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The spring spawn


As spring tries to blow its way in its definitely time to venture out more often and for longer. The chill in the air is less so, and as Anna has reminded me so many times, “it’s not the wrong weather, but the wrong sort of clothing.” The small pond, and I mean small, in the garden has been swamped by the annual frog spawning and in the last week or so the tadpoles have started hatching and doing the usual squiggle and squirm, which has really delighted the children. In fact not only the children, but myself too, and not because I have a love for amphibian birthing events, but to see the excitement as the kids experience new life emerging right before their eyes. The simple joy at realising that all these tiny tadpoles have emerged from this multitude of eggs. It’s also a fantastic way to learn about the seasons, what spring means to us and the wildlife around us. A time of new birth and reawakening. I tend to think of it as nature’s revolution and I’m thankful it happens every year.

Get out there and experience it

I do feel very fortunate to have this pond near our front door that is easily accessible for the kids to witness the seasonal changes, however it’s only a microcosm of the world around us. Exposing children to the outdoors and venturing into wild places can be enormously beneficial to their understanding of the world. In fact I can’t stress enough the value of children experiencing their natural world and what those simple pleasures can do for children’s wellbeing. Richard Louv, in his book, Last child in the woods, refers to Nature-Deficit Disorder. A self-explanatory term that is not a medical diagnosis, but a real cultural dilemma facing society today, and more so the English-speaking world. In his book he describes the cost to humans from disengaging with nature, how it affects our senses, and our emotional and physical health. He mentions recent studies suggesting that by exposing children to nature it can reduce levels of Attention Deficit Hyperactivity Disorder (ADHD), and that “it can improve all children’s cognitive abilities and resistance to negative stresses and depression.” All this and it’s free, as free as the air we breathe on a wild and windy moor. Let them explore and discover new interests for the sake of humanities wellbeing.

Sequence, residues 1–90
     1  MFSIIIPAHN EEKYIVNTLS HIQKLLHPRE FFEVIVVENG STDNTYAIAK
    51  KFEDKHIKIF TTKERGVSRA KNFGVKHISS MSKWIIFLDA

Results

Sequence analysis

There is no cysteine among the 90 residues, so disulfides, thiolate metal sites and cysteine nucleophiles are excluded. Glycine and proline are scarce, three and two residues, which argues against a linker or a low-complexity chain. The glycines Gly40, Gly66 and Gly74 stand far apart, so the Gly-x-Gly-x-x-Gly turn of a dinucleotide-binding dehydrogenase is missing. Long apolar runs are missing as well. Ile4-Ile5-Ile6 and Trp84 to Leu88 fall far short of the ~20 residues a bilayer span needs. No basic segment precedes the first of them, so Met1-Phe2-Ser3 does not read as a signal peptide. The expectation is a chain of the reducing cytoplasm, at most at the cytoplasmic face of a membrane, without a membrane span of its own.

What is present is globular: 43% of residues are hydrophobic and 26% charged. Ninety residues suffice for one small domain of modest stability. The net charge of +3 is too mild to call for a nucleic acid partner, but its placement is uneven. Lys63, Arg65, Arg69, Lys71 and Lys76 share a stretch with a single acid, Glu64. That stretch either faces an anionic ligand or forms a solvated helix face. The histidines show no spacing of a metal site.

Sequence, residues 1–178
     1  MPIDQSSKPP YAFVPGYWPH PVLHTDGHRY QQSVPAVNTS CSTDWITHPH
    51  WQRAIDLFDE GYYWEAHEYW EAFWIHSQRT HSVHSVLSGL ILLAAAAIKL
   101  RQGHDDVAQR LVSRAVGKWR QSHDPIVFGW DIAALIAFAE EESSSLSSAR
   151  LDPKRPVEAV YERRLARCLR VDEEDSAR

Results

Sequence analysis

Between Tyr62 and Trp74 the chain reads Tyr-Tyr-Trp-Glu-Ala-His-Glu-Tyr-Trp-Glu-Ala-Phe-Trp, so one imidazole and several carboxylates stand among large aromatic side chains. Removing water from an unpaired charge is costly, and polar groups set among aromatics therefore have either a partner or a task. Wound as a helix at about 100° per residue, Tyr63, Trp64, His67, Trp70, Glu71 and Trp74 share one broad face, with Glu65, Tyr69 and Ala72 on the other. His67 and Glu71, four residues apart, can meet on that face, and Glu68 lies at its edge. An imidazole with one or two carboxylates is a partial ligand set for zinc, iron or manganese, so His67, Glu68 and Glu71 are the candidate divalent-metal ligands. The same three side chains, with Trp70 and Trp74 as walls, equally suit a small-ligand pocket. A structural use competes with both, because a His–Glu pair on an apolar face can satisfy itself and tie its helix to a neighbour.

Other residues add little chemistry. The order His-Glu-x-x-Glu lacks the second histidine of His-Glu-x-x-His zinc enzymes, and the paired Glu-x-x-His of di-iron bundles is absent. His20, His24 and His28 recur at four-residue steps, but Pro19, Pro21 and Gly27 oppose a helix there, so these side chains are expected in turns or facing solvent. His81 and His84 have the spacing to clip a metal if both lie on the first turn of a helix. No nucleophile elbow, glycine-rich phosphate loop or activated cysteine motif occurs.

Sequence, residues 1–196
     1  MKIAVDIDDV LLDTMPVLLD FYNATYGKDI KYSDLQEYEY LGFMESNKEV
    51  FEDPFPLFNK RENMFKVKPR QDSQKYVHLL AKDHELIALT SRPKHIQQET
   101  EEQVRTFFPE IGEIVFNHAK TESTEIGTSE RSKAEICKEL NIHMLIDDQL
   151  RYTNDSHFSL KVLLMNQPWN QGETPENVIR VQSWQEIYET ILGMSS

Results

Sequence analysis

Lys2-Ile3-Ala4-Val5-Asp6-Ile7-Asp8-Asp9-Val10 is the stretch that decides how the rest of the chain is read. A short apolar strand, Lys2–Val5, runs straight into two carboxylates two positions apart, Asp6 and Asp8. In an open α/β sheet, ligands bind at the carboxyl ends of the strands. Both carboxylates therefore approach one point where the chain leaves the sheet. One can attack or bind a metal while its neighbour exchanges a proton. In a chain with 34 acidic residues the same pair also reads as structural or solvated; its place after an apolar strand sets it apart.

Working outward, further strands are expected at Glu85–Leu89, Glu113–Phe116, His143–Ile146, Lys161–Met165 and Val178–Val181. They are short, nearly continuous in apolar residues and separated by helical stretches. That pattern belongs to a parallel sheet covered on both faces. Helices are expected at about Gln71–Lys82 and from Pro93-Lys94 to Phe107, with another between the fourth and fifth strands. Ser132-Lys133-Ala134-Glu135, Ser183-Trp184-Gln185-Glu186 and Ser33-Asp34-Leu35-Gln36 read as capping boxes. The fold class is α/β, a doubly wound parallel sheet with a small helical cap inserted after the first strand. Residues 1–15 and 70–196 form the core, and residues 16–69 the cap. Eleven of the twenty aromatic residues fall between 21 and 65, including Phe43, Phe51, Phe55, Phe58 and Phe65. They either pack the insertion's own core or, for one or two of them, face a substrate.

Another wonderful resource that tos and fros from the bookshelf is, Nature’s playground – Activities, crafts and games to encourage children to get outdoors. It offers plenty of advice for getting outdoors and exploring. The great thing about experiencing nature is that it needn’t be tackling Snowdonia with a 5 year old. It can be as simple as getting drenched in a summer thunderstorm. Let them have fun and experience a real event.

Explore wild places

Nature’s playground is brimming with useful advice and ideas on what to do when exploring the outdoors. A few pointers we always try to stick to are that;

  • Children should be encouraged to learn and so it should be about them leading the venture. Let them take you on their adventure or grand expedition that they have planned, get friends involved too.
  • Be prepared for change, not only the weather, but the adventure too. If a fish finding expedition turns into a game of pooh sticks with Daddy losing and up against outrageous odds, so what?
  • If you’re prepared for the weather then no doubt you’ll be prepared for soaked children. Let them immerse themselves in everything around them, from getting soaked, to covered in mud, to ending up black and blue from gorging on blackberries.
  • With all this encouragement and enthusiasm flowing through their veins it is sometimes necessary to offer guidance, such as not squashing every moving thing in sight and to respect each living creature. That respect should go a little further too in not screaming and shouting at the tops of their voices. There is a time and place for that and exploring nature is not one of them.
  • Most of all have fun, be interested and enjoy yourselves.
Book resources and recommendations

Last Child in the Woods – Saving our children from Nature-Deficit Disorder.
Richard Louv. Published by Atlantic Books.

Nature’s playground – Activities, crafts and games to encourage children to get outdoors.
Fiona Danks and Jo Schofield. Published by Francis Lincoln Ltd.

The Genius of Natural Childhood – Secrets of Thriving Children.
Sally Goddard Blythe. Published by Hawthorn Press.

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